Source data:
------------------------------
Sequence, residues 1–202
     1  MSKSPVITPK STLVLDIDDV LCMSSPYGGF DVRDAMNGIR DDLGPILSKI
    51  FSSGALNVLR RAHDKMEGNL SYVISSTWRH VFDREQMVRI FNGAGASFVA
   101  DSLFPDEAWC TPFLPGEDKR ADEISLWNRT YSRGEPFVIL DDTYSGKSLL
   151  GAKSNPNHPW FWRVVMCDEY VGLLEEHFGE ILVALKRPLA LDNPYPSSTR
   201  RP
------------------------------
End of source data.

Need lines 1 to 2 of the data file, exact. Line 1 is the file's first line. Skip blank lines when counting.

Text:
Sequence, residues 1–202
     1  MSKSPVITPK STLVLDIDDV LCMSSPYGGF DVRDAMNGIR DDLGPILSKI